Two-time Formula 1 world champion Mika Hakkinen believes that the 2021 regulations will allow more teams to win races.
Last week in Austin, F1 revealed its vision for the future, introducing cars that are easier to follow, which will allow for closer racing on the circuit.
It is also hoped that the new rules will bring more teams into contention for podiums and race wins, which Hakkinen believes will be a successful outcome.
Since the start of the turbo hybrid era in 2014, only three teams (Mercedes, Ferrari and Red Bull) have won races, pulling out a large gap to the midfield outfits.
While Hakkinen holds that the bigger teams will continue to win the world championships, he predicts the $175 million budget cap that will be enforced alongside the regulations will mean more race wins for smaller teams.
"It is sometimes hard for fans to imagine how difficult it is to follow another Formula 1 car due to the turbulence created by its airflow," he wrote in his Unibet column.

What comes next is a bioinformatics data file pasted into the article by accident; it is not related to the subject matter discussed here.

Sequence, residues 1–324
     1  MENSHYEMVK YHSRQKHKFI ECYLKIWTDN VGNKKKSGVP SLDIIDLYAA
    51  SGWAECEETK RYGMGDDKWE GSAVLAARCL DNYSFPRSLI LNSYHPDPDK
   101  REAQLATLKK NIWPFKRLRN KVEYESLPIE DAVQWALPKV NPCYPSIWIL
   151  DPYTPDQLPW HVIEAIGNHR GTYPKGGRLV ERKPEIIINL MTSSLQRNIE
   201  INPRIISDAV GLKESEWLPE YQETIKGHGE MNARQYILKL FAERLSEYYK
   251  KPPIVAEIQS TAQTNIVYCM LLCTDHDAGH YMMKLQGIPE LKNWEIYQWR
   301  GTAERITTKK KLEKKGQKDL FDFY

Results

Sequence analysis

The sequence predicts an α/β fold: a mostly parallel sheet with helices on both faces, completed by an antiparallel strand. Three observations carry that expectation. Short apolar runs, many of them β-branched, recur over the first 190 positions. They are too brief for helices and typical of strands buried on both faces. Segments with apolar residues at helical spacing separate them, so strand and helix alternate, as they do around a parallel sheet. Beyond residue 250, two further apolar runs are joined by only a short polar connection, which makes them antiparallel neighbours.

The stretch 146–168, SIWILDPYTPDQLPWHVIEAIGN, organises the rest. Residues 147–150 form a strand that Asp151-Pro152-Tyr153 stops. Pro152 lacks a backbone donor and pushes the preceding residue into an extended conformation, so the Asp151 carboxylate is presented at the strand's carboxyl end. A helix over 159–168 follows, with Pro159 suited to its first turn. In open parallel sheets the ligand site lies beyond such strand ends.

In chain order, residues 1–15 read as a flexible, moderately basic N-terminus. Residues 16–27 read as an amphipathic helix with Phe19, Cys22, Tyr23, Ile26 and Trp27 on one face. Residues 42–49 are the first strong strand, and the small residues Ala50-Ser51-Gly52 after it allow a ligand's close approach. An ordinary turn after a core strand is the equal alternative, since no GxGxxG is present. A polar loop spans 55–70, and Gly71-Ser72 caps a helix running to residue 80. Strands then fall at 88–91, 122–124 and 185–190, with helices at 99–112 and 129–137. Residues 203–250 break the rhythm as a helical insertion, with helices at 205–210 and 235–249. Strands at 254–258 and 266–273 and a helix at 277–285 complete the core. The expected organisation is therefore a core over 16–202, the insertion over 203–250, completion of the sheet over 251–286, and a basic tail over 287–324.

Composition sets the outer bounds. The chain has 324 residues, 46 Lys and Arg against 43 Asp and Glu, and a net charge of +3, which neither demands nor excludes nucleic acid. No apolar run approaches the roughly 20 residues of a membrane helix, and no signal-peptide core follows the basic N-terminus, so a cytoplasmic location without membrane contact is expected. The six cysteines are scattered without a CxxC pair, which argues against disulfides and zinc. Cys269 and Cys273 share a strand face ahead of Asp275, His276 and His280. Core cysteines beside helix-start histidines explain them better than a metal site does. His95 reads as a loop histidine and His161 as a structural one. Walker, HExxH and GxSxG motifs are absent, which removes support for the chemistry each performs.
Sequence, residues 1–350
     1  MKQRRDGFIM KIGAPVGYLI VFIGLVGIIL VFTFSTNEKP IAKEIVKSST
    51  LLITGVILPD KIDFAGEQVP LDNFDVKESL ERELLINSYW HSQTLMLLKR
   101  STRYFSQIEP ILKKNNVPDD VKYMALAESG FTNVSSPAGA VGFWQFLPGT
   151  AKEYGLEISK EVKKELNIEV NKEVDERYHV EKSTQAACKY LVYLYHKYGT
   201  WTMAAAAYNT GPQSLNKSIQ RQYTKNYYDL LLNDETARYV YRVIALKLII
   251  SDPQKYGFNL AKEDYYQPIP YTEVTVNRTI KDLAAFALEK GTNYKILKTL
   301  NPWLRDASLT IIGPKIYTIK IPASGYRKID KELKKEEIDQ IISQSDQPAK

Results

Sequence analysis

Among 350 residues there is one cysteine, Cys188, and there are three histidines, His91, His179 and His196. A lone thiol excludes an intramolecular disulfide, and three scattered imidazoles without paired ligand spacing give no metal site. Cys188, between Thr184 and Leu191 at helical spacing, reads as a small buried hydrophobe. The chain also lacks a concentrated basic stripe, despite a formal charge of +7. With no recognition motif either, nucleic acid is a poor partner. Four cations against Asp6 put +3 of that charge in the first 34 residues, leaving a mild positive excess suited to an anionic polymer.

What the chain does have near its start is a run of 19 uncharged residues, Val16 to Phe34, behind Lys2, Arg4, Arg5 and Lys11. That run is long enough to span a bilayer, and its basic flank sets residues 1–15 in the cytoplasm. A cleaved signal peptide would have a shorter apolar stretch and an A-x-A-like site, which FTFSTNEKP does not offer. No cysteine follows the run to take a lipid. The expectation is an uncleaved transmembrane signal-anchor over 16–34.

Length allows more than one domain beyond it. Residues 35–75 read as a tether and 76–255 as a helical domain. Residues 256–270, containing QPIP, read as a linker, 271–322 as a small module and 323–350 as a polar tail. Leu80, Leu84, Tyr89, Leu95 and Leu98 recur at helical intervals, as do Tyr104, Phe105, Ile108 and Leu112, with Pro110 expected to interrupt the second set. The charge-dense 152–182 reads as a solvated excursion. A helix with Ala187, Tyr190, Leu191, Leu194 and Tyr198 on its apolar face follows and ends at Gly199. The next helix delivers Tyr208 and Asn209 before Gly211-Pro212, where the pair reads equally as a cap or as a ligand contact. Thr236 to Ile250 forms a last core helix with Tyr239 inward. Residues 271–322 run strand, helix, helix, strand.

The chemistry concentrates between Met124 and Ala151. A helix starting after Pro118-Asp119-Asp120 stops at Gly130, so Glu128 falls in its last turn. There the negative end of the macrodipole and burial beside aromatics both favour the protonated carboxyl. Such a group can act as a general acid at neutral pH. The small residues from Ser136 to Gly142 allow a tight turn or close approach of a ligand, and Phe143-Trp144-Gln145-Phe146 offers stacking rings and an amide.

"In my time in racing the aerodynamics were already quite sensitive, and you could really feel the loss of downforce when the air in front of you was disturbed.
"These days the aerodynamics are even more sophisticated and sensitive, so running close to the car in front causes a drop in aero performance which means you also generate more tyre wear. At a time when tyre wear can be so critical, this is not a good situation.
"If Formula 1 has solved that problem with its futuristic design, simpler front wing, and body profile designed to enabling much more efficient slipstreaming, we should see much closer racing and more changes of position.
"The new cars will feature very low profile tyres mounted on much taller wheels, and this should help the smaller teams because the complexity of the current tyres, and how they work under load, is a major area of development," Hakkinen continued.
"There is also a budget cap of $175 million per team, which means the very biggest teams will have to spend less. The smaller teams already struggle to reach that level of expenditure, so we will have to wait to see how well this works at making the racing more equal.
"I fully expect the larger teams will continue to win the races and World Championships, but perhaps we will see three or four teams winning more regularly which will be a good step forward for the sport."